I would like the world to change, not only Macedonia. Someday, I would like to see the world function based on equality and tolerance, eliminating borders, so that all could move freely and live wherever they like or wherever they consider good for them.

I think that these rights have been taken from mankind, and this is why I have said many times that animals are ahead of humans because they can move wherever they want, and no one asks them for a passport. They don't depend on anyone’s goodwill. Even the most venomous snake goes anywhere he wants.

You are a member of the Skopje City Council. How does your civic work help the Roma in Macedonia?

I'm a member of VMRO-DPMNE, the country's ruling party, and as a member, I'm an adviser at the Skopje City Council. With my political engagement, I first wanted to [show] that one Roma woman can be socially active -- and that this is not just a privilege for Macedonian women. I think that I have partly succeeded, as I'm seeing an increasing number of girls attending schools. If I have, with my example, helped the emancipation of Roma women at least a bit, I am very happy.

Do you think that your children will continue your activities and your humanitarian legacy, and help more people make a tangible difference?

Of course I would like my children to continue my legacy. I think that with the upbringing I gave them, I instilled in them the love of people. My children know how to give, to help, or to organise a humanitarian concert. I hope that they will continue where I stopped.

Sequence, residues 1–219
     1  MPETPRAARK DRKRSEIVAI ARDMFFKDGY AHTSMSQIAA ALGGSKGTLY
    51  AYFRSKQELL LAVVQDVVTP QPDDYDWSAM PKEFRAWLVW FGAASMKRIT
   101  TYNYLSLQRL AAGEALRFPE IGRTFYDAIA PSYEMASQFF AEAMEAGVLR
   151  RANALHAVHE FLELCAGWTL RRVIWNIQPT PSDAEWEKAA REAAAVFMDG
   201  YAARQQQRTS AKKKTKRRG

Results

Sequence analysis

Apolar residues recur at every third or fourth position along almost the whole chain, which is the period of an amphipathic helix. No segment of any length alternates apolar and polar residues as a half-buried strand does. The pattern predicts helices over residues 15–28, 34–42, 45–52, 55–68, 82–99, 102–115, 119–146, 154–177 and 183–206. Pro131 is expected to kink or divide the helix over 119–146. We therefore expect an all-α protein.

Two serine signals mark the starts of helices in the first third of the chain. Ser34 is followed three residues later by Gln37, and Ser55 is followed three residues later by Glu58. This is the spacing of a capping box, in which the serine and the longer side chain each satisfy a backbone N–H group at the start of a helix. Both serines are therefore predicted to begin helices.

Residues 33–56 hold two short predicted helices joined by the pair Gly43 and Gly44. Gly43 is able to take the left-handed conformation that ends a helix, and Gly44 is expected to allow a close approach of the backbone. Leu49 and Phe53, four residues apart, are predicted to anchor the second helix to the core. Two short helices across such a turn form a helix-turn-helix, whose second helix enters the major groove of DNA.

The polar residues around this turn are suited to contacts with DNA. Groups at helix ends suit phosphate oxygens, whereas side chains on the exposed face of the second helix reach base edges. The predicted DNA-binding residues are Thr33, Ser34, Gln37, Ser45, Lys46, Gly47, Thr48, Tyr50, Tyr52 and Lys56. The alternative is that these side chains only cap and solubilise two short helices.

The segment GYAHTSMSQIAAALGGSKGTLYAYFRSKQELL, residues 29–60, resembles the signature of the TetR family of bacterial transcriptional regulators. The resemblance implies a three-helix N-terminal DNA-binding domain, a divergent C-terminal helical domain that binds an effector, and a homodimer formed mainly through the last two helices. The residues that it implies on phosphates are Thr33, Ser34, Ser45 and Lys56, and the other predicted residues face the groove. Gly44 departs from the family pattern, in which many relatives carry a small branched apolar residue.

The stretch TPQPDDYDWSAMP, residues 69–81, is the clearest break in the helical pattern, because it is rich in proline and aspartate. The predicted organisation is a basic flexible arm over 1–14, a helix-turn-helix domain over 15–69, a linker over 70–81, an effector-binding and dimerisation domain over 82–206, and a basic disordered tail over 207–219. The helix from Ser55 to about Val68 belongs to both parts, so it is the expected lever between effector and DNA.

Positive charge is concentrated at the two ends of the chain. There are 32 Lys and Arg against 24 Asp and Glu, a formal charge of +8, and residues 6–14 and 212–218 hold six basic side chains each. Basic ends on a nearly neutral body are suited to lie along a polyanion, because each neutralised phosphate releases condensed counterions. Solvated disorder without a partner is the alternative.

Do you think culture can serve as a unifying force for Southeast Europe?

Culture always was, and always will be, the bridge that connects people of different creed and nationalities, as it disregards national borders. No matter who one is, everybody sings or dances in their own way. I don't think that song is a uniting force for just the people in Southeast Europe, but the world.

Were you influenced at all by other female singers, such as Billie Holliday or Bessie Smith?

When it comes to music, I never followed any specific example, nor have I been influenced by male or female singers. My mentor and husband, Stevo Teodosievski, wanted to transform me into a masterpiece. I never followed any one example. I worked hard to become what I am now, but he always insisted that I be "myself" and no one else. I think, together, we achieved it.